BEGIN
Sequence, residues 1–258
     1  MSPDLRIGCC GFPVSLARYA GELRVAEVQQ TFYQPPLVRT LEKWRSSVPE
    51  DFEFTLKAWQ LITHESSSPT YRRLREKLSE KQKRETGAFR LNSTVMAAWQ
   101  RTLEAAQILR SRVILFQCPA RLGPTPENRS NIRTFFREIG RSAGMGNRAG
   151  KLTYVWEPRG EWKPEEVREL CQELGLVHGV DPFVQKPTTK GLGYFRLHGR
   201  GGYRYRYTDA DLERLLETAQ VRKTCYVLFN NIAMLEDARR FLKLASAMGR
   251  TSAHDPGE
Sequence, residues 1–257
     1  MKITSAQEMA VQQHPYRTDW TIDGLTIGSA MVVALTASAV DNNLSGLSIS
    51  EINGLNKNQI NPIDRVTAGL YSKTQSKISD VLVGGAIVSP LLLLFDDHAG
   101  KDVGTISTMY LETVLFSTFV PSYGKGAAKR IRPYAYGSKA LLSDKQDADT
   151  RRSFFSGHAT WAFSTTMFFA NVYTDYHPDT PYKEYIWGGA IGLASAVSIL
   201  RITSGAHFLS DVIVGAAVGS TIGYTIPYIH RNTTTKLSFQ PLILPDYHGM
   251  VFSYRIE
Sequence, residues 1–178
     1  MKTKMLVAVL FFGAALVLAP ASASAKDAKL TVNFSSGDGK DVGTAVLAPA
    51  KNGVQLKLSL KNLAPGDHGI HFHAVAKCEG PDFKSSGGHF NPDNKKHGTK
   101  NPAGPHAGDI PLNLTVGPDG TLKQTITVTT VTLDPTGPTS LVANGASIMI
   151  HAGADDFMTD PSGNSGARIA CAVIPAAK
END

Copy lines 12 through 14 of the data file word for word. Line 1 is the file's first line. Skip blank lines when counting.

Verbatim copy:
   151  RRSFFSGHAT WAFSTTMFFA NVYTDYHPDT PYKEYIWGGA IGLASAVSIL
   201  RITSGAHFLS DVIVGAAVGS TIGYTIPYIH RNTTTKLSFQ PLILPDYHGM
   251  VFSYRIE